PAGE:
Principles of electrical safety:Precautions against electric shock and contact burn injuries.

Precautions against electric shock and contact burn injuries

General principles

Shock and contact burn injuries can be prevented first by ensuring that the electrical system is designed, installed and maintained in accordance with sound engineering principles and in compliance with accepted and published standards, and secondly by ensuring that any work on the system is carried out in a safe manner. This section provides some detail on the hardware design principles, safe systems of work being described at the end. Details can be found in reference 16A.

Prevention of direct contact injuries

Direct contact shock and burn injuries are commonly prevented by ensuring that conductors energized at dangerous voltages cannot be touched. There are, however, some instances where conductors have to be uninsulated and available to touch, such as when live testing work is being done or because they need to be exposed for functional reasons, examples being power pick-up rails on fairground rides and overhead travelling cranes.

The most commonly used preventive techniques are listed. The list is not exhaustive and there are other less commonly used and specialized techniques available.

Insulation and enclosures

Direct contact injuries are most commonly prevented by covering the conductors with suitably rated insulating material, as in the case of cables, or by placing them inside an enclosure that is constructed so as to prevent access to the live parts.

Insulation must be suitably rated so that it can withstand the applied voltage and must be selected or protected to withstand external influences, such as impact and abra- sion, high and low temperatures, sunlight, water and corrosive liquids. Information on cable insulation is provided in Chapter 9 and general information on the properties of insulating materials and dielectrics is provided in Chapter 3.

Enclosures must be constructed of materials that will withstand the environment in which they are installed. They must also prevent access to the internal live parts and prevent the ingress of liquids and dusts that may be present in the operating environment and which may create a hazard if allowed to get into the enclosure.

IEC 60529 (see Table 16.2) defines an Ingress Protection (IP) code that is used to describe how well an enclosure prevents the ingress of moisture and dust. The code uses two figures; a third can be added to cover mechanical impact protection but it is rarely used. The first figure shows the degree of protection against ingress by solid objects and the second figure shows the degree of protection against liquid ingress. As an example, IP20 describes an enclosure that will prevent finger access but will not prevent the ingress of moisture – a domestic socket outlet would fall into this category. An enclosure with an IP rating of IP55, such as a halogen lamp for general illumina- tion, would be suitable for external use. The highest rated enclosures, at IP68, will prevent the ingress of dust and can be immersed in water.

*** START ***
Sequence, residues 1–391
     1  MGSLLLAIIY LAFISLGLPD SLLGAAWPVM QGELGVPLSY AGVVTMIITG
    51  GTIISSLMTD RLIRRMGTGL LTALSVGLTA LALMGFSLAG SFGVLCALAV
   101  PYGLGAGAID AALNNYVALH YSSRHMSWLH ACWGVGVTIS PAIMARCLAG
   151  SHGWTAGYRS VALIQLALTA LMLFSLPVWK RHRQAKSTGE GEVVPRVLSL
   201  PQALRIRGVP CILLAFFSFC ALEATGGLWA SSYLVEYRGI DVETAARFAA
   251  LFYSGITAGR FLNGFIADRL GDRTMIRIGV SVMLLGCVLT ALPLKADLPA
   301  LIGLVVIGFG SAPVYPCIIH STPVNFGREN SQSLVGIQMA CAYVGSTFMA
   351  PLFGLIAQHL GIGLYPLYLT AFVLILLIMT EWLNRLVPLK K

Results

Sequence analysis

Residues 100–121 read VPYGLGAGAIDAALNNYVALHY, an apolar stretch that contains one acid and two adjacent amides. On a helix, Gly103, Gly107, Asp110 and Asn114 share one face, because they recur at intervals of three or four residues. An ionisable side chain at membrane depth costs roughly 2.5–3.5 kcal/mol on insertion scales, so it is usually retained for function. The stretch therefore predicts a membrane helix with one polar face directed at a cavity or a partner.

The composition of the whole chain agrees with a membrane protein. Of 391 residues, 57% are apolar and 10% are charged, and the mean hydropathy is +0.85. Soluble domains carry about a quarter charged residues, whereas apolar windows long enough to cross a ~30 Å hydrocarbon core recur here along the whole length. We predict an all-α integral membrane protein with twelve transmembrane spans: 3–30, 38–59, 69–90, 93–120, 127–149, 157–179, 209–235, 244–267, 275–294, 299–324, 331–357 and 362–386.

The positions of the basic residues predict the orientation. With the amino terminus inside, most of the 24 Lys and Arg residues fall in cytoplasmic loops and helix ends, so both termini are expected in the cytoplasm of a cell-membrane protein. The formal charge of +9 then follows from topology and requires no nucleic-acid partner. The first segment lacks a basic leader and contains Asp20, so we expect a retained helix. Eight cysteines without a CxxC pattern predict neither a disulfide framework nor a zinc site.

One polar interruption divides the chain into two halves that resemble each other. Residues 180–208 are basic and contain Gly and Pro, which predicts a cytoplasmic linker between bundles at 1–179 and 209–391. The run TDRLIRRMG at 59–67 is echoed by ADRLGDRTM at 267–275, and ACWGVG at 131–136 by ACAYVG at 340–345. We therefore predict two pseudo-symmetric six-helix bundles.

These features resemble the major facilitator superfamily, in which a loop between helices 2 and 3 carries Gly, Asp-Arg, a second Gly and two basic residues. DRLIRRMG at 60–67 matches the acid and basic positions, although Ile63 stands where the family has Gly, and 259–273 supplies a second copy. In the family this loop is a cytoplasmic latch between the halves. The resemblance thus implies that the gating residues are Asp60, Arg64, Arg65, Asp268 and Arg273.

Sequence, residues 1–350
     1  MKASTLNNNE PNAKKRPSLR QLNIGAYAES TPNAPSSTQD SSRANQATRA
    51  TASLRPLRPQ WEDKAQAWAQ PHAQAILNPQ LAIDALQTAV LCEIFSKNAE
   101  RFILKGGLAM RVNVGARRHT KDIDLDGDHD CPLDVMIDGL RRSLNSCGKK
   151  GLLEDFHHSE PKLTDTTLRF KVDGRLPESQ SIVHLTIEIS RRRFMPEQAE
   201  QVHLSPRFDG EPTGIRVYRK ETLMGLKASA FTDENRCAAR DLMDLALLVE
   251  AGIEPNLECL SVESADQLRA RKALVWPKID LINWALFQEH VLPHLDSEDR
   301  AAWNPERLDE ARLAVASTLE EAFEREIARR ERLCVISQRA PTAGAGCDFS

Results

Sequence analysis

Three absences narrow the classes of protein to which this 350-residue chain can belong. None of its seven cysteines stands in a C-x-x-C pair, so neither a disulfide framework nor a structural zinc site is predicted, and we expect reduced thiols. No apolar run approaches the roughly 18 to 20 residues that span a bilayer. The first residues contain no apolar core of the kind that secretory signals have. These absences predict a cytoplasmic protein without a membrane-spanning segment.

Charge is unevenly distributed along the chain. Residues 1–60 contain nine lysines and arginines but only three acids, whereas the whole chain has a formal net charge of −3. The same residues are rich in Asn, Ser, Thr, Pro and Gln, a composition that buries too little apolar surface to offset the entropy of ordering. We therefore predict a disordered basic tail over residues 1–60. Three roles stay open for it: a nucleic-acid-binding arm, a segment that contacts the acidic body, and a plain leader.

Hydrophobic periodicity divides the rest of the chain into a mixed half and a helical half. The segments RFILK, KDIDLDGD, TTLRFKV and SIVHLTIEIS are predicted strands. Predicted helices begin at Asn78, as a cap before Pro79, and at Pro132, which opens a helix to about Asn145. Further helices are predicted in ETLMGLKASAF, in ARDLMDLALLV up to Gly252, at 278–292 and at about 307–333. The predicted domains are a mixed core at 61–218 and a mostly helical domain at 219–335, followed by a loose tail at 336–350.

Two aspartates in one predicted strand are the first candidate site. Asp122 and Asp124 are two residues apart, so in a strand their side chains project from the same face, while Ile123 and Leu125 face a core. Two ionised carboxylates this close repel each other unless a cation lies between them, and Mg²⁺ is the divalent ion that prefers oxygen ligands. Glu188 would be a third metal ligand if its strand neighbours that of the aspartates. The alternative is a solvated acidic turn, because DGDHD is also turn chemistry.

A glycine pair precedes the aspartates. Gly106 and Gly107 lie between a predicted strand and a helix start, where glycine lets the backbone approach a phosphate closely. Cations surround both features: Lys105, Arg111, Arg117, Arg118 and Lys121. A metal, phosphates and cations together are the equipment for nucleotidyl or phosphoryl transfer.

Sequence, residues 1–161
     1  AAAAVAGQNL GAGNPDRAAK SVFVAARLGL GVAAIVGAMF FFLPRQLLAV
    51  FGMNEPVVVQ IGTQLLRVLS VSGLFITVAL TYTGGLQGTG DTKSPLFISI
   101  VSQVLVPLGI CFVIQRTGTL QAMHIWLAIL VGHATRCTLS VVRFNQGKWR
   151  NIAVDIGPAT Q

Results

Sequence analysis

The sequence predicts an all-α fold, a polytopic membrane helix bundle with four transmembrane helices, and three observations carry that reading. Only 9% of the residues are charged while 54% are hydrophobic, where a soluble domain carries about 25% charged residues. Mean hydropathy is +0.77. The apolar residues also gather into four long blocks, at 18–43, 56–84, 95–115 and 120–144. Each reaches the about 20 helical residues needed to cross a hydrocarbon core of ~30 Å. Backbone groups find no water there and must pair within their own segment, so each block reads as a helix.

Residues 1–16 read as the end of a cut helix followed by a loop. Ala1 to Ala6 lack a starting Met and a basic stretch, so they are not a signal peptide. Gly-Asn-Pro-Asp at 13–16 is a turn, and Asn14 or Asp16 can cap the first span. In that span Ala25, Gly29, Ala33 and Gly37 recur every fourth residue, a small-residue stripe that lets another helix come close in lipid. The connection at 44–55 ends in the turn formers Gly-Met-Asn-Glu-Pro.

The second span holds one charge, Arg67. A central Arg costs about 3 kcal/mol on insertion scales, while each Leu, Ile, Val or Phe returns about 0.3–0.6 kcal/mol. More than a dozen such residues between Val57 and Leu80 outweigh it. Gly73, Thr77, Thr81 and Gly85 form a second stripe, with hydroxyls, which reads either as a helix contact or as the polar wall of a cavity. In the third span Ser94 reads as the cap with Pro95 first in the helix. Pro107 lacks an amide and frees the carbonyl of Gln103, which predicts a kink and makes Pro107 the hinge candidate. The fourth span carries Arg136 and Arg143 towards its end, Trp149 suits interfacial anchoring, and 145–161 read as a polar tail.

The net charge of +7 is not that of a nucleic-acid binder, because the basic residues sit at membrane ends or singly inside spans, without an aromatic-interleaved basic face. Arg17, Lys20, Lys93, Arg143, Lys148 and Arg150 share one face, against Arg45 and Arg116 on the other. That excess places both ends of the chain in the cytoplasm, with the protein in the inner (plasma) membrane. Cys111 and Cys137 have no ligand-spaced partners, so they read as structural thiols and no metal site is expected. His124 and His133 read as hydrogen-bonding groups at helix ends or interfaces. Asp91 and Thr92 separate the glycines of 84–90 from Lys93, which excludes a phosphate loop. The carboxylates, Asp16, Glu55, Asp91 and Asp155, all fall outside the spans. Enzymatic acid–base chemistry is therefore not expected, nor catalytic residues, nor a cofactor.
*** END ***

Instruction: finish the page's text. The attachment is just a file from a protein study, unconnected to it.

Enclosures are often also classified according to the criteria set out in IEC 60536- 2 (see Table 16.2). There are two main classifications. Class I equipment has a metal casing that needs to be earthed for safety reasons; metal-clad switchgear is an example. Class II equipment has internal electrical conductive parts on which the basic insula- tion is supplemented by additional insulation to provide an additional insulating barrier; this type of equipment, of which the common plastic-encased power drill is an example, does not require any metal parts of the casing to be earthed on the grounds that it would only become live if both layers of insulation were to fail, an event that is very unlikely to occur.

Another important standard for enclosures is IEC 60439-1 (see Table 16.2). Among other things, this standard describes ‘forms’ of enclosures according to the protection against contact with live parts belonging to adjacent functional units inside the enclosure, the limitation of the probability of initiating arc faults, and the protection against the passage of solid foreign bodies from one internal unit to an adjacent unit.

There are many other standards covering the design and configuration of enclosures.

Safe by position

Uninsulated conductors energized at dangerous voltages can, in principle, be made safe by being placed out of reach. For example, high-voltage overhead lines with uninsulated conductors are raised to heights above ground level at which they are safe from being inadvertently touched or approached so closely by a conducting object (particularly an object with a sharp pointed end) that an arc can develop from the line to the object. Safety is not assured, however, as exemplified by the common occur- rence of direct contact with the conductors by the likes of construction and agriculture vehicles, fishing rods and kites.